The research presented examined the problem of court debt from a variety of perspectives and disciplines. Duke Law’s Brandon Garrett and Will Crozier presented research on driver’s license suspensions, conducted under the auspices of the new Duke Law Center for Science and Justice, which Garrett directs. Other presentations addressed topics such as procedural protections before imposing unaffordable bail (by Sandra G. Mayson of the University of Georgia); ability to pay tests (by Beth A. Colgan of UCLA); probable cause and indefinite detention for failure to make bail (by Kellen Funk of Columbia Law School); bail and pretrial release in North Carolina (by Jesse Smith of UNC); proportionality of fees and fines (by Mitali Nagrecha of Harvard Law School); the criminalization of poverty (by Peter Edelman of Georgetown Law); and the process, substance, and structure of poverty punishment (by Monica Bell of Yale Law School). [Click here to view the complete conference agenda.]
Presented papers, along with other written contributions to the conference, will be published in a forthcoming edition of the Duke Law Journal, and student editors of the journal were able to participate in some of the discussion sessions.
Student engagement was an important component of the conference, Levy said. “In addition to learning more about these challenging issues, the students took in how young attorneys had been critical in drawing attention to the problems of fees and fines in Ferguson,” Levy said. “As we think of next steps, there is clearly a role for judges and academics, as well as passionate young lawyers like our students.”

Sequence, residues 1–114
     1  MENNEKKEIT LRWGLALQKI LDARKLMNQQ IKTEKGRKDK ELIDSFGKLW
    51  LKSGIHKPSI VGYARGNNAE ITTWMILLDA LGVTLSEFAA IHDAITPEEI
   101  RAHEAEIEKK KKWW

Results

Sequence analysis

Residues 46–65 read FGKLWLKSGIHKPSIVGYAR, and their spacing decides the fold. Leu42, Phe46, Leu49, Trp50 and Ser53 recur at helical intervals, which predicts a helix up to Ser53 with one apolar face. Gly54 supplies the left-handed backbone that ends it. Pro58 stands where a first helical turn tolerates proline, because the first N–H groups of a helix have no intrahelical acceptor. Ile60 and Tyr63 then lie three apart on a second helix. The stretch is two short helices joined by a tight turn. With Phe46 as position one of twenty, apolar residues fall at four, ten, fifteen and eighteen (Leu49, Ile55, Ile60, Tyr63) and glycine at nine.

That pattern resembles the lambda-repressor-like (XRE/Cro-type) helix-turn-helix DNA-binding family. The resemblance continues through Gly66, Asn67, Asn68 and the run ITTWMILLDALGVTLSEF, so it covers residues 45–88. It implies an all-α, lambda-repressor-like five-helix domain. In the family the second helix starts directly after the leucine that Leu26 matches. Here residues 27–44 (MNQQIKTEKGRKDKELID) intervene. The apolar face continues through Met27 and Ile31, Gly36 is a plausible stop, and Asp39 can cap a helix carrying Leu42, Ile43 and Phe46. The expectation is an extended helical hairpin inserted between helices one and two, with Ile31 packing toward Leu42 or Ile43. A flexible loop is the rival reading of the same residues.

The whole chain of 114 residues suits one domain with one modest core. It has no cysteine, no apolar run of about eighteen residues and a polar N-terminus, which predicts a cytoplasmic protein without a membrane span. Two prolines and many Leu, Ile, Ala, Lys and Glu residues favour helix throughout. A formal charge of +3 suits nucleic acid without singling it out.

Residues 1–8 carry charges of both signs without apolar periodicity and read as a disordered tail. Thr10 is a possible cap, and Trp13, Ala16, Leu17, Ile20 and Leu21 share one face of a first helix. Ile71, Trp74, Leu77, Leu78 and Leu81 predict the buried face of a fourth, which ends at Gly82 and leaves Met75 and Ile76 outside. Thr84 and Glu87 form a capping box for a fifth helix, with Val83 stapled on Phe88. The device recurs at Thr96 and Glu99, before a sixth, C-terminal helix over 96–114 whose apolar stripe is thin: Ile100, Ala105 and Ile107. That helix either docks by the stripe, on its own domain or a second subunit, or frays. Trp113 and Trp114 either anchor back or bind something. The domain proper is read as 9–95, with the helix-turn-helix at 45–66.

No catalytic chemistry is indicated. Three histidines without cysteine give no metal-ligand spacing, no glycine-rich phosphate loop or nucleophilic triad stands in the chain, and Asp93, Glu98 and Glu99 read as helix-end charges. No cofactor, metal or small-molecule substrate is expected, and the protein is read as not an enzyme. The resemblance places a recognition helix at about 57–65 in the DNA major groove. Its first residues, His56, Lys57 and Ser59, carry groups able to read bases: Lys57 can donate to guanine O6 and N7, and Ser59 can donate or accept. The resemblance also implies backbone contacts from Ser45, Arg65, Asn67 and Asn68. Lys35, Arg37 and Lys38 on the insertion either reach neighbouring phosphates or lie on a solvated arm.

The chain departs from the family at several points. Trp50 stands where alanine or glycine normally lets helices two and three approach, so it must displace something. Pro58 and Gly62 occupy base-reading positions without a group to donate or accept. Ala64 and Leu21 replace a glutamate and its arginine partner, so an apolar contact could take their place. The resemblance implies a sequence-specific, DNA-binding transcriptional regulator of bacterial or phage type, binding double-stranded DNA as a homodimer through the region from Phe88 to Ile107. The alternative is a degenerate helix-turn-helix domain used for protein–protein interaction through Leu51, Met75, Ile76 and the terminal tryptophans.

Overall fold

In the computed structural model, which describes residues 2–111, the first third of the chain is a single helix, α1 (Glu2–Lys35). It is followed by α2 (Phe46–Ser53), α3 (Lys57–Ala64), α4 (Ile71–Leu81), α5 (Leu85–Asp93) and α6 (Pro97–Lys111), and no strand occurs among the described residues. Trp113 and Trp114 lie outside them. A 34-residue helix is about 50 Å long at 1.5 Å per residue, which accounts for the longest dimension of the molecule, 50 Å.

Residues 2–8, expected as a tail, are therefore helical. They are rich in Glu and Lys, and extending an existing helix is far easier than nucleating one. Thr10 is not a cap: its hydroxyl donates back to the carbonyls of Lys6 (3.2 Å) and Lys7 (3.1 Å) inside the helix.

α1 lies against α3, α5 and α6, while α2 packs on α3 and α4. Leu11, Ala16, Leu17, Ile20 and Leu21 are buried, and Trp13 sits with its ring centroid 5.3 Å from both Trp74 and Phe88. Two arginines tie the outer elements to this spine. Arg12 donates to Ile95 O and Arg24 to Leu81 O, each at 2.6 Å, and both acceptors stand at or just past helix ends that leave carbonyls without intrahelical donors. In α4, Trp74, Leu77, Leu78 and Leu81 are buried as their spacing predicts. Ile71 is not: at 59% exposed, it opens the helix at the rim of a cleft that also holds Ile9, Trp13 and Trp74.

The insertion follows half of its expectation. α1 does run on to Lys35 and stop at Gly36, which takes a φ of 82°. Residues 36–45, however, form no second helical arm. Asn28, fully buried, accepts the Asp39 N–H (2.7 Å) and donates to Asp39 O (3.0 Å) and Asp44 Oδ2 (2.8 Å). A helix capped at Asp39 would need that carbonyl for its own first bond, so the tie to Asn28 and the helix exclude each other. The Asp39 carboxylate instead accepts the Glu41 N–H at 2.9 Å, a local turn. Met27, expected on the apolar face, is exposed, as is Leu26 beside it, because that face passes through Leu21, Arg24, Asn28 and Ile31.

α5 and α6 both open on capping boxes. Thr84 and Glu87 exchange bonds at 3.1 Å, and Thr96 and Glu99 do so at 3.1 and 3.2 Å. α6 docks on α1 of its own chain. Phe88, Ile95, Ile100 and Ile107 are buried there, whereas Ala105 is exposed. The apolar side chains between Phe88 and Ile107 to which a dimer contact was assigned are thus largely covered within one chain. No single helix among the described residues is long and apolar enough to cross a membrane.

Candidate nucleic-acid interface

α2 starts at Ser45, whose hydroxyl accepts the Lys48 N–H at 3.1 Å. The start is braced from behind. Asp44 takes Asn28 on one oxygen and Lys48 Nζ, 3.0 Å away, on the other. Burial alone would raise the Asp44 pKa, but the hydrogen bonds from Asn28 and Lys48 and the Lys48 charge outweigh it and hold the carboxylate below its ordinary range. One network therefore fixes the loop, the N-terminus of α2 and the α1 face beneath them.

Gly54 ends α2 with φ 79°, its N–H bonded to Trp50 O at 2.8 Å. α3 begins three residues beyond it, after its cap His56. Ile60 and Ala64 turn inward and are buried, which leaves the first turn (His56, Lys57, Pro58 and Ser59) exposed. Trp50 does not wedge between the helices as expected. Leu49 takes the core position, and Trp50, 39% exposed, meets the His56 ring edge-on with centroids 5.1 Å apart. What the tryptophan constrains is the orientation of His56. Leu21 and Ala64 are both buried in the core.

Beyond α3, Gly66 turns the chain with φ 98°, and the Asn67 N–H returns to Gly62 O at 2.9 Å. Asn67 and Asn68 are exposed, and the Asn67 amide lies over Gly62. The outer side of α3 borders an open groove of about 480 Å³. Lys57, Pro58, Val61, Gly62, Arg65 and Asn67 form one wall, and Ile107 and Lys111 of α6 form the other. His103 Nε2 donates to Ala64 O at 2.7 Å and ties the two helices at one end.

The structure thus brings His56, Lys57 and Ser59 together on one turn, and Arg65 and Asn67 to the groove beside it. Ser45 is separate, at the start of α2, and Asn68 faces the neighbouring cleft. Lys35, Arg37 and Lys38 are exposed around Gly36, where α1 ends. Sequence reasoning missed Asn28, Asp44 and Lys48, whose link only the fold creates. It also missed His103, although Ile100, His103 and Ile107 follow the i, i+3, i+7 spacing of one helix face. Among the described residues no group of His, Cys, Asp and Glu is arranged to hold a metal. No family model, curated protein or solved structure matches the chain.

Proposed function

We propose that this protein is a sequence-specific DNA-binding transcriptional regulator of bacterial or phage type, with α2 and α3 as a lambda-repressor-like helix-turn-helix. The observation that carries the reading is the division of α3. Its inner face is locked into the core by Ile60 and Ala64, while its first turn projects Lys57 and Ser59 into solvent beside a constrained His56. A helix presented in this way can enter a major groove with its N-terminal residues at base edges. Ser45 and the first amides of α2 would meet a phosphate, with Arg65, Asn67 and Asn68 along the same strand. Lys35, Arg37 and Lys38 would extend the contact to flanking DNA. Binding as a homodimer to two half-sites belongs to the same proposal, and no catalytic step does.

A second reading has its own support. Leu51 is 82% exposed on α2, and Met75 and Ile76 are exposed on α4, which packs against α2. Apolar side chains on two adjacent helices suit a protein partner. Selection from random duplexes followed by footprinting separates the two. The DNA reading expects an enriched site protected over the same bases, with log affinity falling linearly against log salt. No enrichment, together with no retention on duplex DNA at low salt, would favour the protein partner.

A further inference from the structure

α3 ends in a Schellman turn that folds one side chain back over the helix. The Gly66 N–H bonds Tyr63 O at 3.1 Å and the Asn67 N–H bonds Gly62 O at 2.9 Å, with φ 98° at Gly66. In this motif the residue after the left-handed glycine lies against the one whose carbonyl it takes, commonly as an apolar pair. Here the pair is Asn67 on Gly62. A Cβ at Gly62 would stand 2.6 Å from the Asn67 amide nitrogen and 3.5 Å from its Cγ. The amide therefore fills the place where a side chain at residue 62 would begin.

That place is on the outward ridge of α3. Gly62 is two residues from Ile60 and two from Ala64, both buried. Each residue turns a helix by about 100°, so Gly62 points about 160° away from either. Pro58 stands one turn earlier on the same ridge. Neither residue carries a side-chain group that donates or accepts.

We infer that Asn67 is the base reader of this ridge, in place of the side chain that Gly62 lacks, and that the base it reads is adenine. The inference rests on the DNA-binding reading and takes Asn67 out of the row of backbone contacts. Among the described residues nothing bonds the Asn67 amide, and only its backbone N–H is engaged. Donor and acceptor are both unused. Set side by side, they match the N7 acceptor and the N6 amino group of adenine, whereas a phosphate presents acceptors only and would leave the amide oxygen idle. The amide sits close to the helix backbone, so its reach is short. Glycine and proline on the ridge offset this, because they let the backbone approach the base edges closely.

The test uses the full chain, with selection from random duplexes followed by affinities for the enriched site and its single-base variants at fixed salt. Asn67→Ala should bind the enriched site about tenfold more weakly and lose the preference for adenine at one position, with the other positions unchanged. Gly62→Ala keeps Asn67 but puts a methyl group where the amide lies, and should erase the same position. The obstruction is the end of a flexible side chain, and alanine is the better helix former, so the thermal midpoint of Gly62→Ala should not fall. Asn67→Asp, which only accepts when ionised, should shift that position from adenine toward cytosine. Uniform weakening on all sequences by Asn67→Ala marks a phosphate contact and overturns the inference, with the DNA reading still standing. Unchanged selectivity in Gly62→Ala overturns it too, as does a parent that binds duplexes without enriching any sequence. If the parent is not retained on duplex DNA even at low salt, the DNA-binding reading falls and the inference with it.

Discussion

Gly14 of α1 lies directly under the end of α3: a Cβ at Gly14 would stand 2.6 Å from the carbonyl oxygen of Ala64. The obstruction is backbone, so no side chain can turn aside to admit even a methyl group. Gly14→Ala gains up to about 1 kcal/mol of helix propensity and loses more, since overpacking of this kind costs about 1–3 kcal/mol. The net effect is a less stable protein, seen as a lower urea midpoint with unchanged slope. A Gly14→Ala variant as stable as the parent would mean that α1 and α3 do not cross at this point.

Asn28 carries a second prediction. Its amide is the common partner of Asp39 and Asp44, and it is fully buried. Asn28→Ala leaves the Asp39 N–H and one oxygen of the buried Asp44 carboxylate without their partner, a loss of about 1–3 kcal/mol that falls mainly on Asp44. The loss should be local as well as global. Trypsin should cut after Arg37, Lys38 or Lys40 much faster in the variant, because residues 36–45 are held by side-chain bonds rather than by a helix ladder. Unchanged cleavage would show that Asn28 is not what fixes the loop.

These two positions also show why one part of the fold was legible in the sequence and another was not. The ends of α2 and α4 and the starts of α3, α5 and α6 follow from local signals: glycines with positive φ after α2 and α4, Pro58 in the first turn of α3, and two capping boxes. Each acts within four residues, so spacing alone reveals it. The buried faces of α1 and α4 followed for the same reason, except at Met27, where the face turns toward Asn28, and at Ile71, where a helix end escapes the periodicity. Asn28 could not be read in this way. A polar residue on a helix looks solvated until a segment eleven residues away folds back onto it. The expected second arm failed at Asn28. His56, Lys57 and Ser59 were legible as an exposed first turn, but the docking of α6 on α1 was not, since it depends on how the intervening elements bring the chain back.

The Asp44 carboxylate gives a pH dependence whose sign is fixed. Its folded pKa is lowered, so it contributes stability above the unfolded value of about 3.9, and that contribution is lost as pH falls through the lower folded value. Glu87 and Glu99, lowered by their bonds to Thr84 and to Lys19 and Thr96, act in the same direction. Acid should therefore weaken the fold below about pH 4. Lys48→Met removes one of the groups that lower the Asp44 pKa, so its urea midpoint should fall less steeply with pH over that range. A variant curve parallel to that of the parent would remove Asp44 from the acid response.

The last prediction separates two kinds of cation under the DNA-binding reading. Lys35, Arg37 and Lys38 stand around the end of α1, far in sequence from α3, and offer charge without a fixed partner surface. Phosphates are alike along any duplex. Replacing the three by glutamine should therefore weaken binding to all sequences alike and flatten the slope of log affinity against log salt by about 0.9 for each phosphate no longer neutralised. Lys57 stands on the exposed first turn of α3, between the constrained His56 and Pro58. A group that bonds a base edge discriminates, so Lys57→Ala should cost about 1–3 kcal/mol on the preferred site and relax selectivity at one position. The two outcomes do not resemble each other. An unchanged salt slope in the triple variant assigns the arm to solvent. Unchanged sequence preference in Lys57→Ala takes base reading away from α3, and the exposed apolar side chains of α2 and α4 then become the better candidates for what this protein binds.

As part of the conference, state court leaders introduced Duke Law students to the myriad challenges relating to court fees, fines, and bail practices during a lunchtime panel discussion. David F. Levi and Mary McQueen (president of the National Center for State Courts) moderated the discussion among the Hon. Scott Bales (former Chief Justice, Arizona); Hon. Doug Beach (Senior Judge, Circuit Court, Missouri); Hon. Mark Martin (former Chief Justice, North Carolina); Hon. Judy Nakamura (Chief Justice, New Mexico); Hon. Stuart Rabner (Chief Justice, New Jersey); and Martin Hoshino (Administrative Director, Judicial Council of California).
The panelists shared experiences from their work on various reforms in their states and on the National Task Force on Fees, Fines, and Bail Practices formed by the Conference of Chief Judges and the Conference of State Court Administrators.
Judge Bales laid out the crux of the problem: “On any day in the United States about 2.2 million people are incarcerated. Another 4.4 million people are under some kind of penal supervision, probation, parole, and community supervision,” he said. “Those facts relate to fines, fees, and bail because fines, fees, and bail not only can contribute to cycles of poverty, they can contribute to cycles of criminalization.”